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Chinese telecommunications behemoth ZTE has seen its share price plummet by a whopping 39% following the resumption of its trading on the Hong Kong stock exchange. The Chinese vendor was able to resume trading after it reached a resolution agreement with the United States.

ZTE looked set to go out of business following the decision by the US Commerce Department to prohibit American companies from selling crucial hardware and software components to it for a period of seven years.

US officials implemented the ban after it claimed ZTE had failed to make the changes to its Board of Directors after being found guilty of trade violations with Iran and North Korea in 2016. However, following protracted negotiations between Beijing and Washington a settlement deal was finally reached which allowed ZTE to resume business in the United States.

The telecommunications colossus may have been saved but that didn’t stop its share price from nosediving by 39.22 to HK$15.56 during Hong Kong morning trade - while it also plunged by its 10 percent daily limit to 28.18 yuan in Shenzhen.

Fiscal analysts have predicted that whilst the nightmare for ZTE may be over with the US, the company will have to deal with the consequences of that saga for a significant period of time.

Analysts Edison Lee and Timothy Chau said, “While the nightmare is now over, ZTE will likely have to deal with many changes. We expect significant near-term selling pressure and a volatile stock price."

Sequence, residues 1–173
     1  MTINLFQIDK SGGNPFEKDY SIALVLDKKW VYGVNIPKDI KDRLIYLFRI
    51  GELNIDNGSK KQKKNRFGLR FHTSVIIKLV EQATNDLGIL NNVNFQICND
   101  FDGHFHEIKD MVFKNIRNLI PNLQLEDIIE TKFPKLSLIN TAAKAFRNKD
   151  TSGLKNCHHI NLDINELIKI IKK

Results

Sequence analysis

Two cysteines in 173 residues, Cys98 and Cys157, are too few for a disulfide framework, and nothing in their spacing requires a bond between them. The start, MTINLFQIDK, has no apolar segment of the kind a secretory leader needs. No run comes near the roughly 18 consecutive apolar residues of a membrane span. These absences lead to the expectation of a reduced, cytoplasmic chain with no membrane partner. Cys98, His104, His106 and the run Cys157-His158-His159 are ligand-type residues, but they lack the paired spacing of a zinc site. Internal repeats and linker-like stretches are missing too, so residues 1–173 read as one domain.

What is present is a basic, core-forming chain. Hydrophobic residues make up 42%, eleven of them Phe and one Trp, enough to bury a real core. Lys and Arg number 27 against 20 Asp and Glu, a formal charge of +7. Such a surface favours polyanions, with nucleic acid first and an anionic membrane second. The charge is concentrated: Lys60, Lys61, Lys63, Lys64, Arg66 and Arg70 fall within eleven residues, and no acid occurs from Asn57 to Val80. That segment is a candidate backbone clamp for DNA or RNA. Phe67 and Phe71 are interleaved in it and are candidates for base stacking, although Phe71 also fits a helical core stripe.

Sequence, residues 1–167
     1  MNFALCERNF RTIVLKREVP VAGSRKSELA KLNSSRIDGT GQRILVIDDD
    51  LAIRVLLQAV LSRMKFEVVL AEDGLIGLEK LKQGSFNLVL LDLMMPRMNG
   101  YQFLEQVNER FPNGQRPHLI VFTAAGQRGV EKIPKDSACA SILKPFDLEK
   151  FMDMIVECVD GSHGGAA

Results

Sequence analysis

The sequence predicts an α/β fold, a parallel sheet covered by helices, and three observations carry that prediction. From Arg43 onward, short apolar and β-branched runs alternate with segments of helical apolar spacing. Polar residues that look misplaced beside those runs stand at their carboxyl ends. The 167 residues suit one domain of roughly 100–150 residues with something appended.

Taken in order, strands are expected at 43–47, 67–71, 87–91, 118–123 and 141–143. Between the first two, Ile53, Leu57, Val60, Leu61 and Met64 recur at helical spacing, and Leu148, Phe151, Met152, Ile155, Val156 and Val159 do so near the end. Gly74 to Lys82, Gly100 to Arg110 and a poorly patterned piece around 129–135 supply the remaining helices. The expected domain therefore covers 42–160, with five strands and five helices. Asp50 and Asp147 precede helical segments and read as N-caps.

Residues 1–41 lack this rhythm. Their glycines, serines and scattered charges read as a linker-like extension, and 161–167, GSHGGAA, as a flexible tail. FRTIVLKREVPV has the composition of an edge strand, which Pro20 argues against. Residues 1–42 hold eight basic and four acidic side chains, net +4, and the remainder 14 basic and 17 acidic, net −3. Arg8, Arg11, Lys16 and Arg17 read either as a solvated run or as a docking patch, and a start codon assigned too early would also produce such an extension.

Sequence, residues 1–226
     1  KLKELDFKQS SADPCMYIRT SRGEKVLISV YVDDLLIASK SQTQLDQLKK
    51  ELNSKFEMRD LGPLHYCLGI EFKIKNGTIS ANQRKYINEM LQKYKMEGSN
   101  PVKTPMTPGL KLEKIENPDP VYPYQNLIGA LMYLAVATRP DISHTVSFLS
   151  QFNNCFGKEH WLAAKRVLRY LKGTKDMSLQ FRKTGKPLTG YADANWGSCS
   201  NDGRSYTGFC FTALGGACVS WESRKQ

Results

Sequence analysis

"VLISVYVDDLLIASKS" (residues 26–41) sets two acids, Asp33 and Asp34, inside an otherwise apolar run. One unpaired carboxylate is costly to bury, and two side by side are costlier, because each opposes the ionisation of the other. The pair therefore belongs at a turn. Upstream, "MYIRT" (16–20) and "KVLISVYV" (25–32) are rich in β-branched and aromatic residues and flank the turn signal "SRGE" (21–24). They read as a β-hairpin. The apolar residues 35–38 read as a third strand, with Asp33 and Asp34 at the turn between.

The ZTE crisis was a major issue during trade talks between the US and China, and the Trump administration were able to use that as leverage in the discussions. The ZTE settlement came just days after Beijing offered to increase purchases of US goods by $70bn in an effort to cut the yawning trade imbalance with the US.

It has been reported that Trump has demanded a $200 billion reduction in its trade deficit with China over two years.

“The US agreement with ZTE with fine and change of management, in other words, is a political deal," said analyst Dickie Wong at Kingston Securities. "If the US didn't 'free' ZTE in this way, US companies would find it very difficult in any moves in China, including decisions on mergers and acquisitions," Wong added.